Escolhas políticas tem origem genética:
It’s the Genes, Stupid
Social scientists are stumped. Why do we bother to go to the polls when we know our individual vote has no chance of determining the result of a national election? Variations in turnout — by age, race, income or whatever — are hard to fit into a theory of human conduct that assumes that people are rational. But with time to spare before the November election, molecular biology is coming to the rescue. In the same way that researchers have teased out a role for genes in determining sexual orientation or the propensity to smoke, they are deploying genetics to understand our political choices.
That sounds like a stretch, and it may well be. But there is tempting evidence of a hereditary component to political choices. There is a strong correlation between the partisan choices of parents and children. Studies comparing identical and fraternal twins suggest that genes are at work alongside the social and psychological influence of parents. Political scientists at the University of California, San Diego have gone another step, identifying specific genes associated with voter participation and partisanship.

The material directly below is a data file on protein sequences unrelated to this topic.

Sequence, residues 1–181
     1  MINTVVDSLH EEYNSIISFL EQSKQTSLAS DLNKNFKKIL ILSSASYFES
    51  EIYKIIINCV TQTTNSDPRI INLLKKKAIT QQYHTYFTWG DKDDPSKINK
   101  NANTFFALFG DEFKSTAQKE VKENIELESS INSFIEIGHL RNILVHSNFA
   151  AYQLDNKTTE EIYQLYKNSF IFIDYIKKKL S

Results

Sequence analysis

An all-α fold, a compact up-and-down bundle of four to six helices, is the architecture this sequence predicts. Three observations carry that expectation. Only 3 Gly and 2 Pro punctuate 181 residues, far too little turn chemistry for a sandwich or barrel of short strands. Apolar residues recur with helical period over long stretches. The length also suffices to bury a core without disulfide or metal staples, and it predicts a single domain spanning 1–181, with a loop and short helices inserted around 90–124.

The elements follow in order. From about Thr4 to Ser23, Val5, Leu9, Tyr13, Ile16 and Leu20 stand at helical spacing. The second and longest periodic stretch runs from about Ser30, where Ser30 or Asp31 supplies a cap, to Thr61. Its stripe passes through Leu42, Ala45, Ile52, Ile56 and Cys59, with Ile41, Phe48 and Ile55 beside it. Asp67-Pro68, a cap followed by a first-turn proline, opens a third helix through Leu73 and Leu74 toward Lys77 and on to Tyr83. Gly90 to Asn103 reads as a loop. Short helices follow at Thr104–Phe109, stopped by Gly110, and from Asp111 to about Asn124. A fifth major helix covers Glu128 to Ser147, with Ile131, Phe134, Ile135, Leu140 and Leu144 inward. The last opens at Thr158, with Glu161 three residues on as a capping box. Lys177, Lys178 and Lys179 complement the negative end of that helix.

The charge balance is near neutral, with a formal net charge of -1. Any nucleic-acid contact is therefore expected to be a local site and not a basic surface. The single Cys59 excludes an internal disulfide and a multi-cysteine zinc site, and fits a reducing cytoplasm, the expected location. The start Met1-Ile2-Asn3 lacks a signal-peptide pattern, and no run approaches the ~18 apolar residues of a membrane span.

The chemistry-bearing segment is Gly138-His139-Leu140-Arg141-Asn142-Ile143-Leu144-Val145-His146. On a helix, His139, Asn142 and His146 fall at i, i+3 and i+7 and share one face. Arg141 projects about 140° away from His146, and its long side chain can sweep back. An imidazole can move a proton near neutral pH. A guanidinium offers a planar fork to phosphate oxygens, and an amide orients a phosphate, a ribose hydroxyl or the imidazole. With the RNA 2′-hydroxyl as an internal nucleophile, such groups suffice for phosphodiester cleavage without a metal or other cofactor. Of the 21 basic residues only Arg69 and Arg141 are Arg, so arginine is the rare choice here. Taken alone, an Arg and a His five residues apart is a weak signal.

It seems as if people with one variant of the MAOA gene are more likely to vote than those with the other version. Among regular churchgoers, those with one type of the gene that make the 5HTT transporter molecule in the walls of neuron cells (don’t ask) are substantially more likely to vote than those with the other.
According to the researchers, James H. Fowler and Christopher T. Dawes, it works more or less like this: stress causes the release of excess serotonin in the brain, which can kill off neurons if it is not metabolized. People with the right versions of the MAOA gene and 5HTT are better at handling stress because they are better at synthesizing the molecules needed to reabsorb serotonin and break it down. And people who are better at handling stress deal better with the conflicts and strains inherent in forming political opinions and voting.
Similarly, folks with the A2 version of the D2 dopamine receptor gene are more likely to identify as partisans because better dopamine signaling in the brain is related to more social attitudes and promotes attachment to groups like political parties.
Of course, these findings don’t have to mean that we are robots. They merely suggest that genes affect how susceptible we are to social and environmental stimuli. If certain genes make us more receptive to political messages, or more or less likely to vote, then we know the next step society must take: Keep the drugs that target the specific genes out of the hands of political consultants.